The Game Day
The biggest hurdle to player development is the game day experience.
Too much instruction hampers player decision making
Too much pressure hurts player enjoyment
Too much fear to make a mistake hurts development
We unfortunately cannot control the game day environment; there are too many variables with opposing coaches, trainers, referees and parents. All of which have differing ideas on what constitutes success. To summarize, we see three very different game-day scenarios:
Philosophy 1) Play to win –
These groups throw development out of the window.
Their style of play consists of getting the ball down the other end of the field as quickly as possible. Usually accompanied by screams of boot it, kick it or send it.
Players treat the ball like it's a hot potato, no one is comfortable in possession and it is hardly surprising because as soon as they have it they are consumed with loud noise and commands.
Defensively they will sit back inside their own half, these players will only be involved when the ball comes to them, and when it does they boot it back to where it came from with little thought or purpose.
Offensively they have their fastest players up top to chase down said boot and score. This player never develops anything other than chase and shoot. When players develop physically and this player is no longer as quick, they don't have any 'Plan B' and become one-dimensional.
- The 'team' wins games
- There is no individual development.
- The players become uncomfortable on the ball and in most cases don't even want the ball.
- Players end up watching one or two players play and don't get the touches they need necessary to improve.
- The players on these teams quit soccer when it becomes too hard.
Philosophy 2) Positions and Passing
These groups believe that the most important aspect of development is being able to pass the ball and stay in positions. Players are set an area of the field that they must stay in regardless of where the ball is. When the ball comes to them, they must pass it to another player standing in their set position. Usually on command by the coach with specific directions "Pass to Derek!"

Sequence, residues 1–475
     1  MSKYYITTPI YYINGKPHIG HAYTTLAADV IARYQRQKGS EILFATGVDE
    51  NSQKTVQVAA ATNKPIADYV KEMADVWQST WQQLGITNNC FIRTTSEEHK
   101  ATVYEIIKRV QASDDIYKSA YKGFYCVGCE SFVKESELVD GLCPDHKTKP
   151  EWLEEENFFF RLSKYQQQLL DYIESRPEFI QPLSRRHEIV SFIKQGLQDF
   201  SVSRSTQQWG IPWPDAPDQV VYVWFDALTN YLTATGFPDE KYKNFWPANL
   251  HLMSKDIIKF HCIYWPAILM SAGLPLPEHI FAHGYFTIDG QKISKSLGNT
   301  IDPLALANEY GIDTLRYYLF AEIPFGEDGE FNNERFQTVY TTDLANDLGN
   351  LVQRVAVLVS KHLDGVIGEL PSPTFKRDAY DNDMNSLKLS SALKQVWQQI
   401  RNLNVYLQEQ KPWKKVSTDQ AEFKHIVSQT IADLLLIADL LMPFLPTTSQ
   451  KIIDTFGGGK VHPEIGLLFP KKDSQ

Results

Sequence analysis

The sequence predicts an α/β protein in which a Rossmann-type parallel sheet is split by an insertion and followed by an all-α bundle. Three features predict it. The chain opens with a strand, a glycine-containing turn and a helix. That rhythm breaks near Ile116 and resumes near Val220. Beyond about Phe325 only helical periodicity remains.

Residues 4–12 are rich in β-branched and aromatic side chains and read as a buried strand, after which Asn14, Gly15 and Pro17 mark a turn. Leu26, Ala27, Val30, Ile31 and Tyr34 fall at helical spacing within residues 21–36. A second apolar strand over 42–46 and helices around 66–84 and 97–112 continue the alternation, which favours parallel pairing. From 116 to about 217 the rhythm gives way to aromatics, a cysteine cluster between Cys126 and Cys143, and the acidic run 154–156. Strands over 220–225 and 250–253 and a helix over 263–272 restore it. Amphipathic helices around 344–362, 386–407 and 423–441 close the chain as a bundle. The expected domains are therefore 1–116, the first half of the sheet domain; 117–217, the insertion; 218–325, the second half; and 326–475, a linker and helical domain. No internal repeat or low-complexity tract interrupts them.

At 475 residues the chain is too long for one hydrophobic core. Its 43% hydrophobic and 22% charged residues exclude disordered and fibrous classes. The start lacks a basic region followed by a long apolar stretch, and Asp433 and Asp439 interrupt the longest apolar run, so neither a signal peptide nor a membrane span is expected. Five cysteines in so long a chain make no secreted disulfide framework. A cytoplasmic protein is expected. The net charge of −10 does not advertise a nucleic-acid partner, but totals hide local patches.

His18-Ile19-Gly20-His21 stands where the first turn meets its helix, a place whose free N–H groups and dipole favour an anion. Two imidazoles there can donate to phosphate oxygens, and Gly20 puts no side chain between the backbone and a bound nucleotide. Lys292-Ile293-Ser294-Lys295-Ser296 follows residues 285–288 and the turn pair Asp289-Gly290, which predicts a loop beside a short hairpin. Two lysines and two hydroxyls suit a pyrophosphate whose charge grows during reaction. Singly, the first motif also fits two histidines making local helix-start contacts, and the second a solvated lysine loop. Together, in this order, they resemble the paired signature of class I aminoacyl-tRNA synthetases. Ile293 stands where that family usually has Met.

- It looks good
- Players can pass the ball
- Although pleasing on the eye it is pointless and counter productive. The players don't get the touches they need in the pressure situations the game environment provides.
- Children this age lack the cognitive development necessary to understand special awareness. Why go against their natural progression and force something they are not ready for?
- This philosophy develops robots, programmed to pass the ball all the time. There is no creativity and no penetration, two of the major principles of attack. Teams struggle to break other teams down, as they get older.
Philosophy 3) Ball Mastery
This is our philosophy, reflecting the current trends in youth soccer and based on the United States Soccer Federations' (USSF) Player Development guidelines.
It is centered on the players getting the touches they need in the situations they need them in in order to reach their full potential.
It uses the players' natural progressions physically and mentally to the players' advantage. Players are encouraged to think for themselves on the field and participate rather than spectate.
- Develops individuals comfortable in possession of the ball
- Fulfills the amount of touches needed for a player to reach maximum potential
- Is all inclusive and develops problem solving and creativity
- Uses the cognitive development of the players to the advantage of development, we are not fighting natural urges of players but instead using them to aid development
- We don't' always win
- Can look messy at times
A good measure of the games shouldn't be, who is winning and who is losing?
But rather, Who is developing?
Watch the games closely. What are our players doing with the ball? Are they merely kicking it away, watching the game or are they dribbling, taking touches and being involved?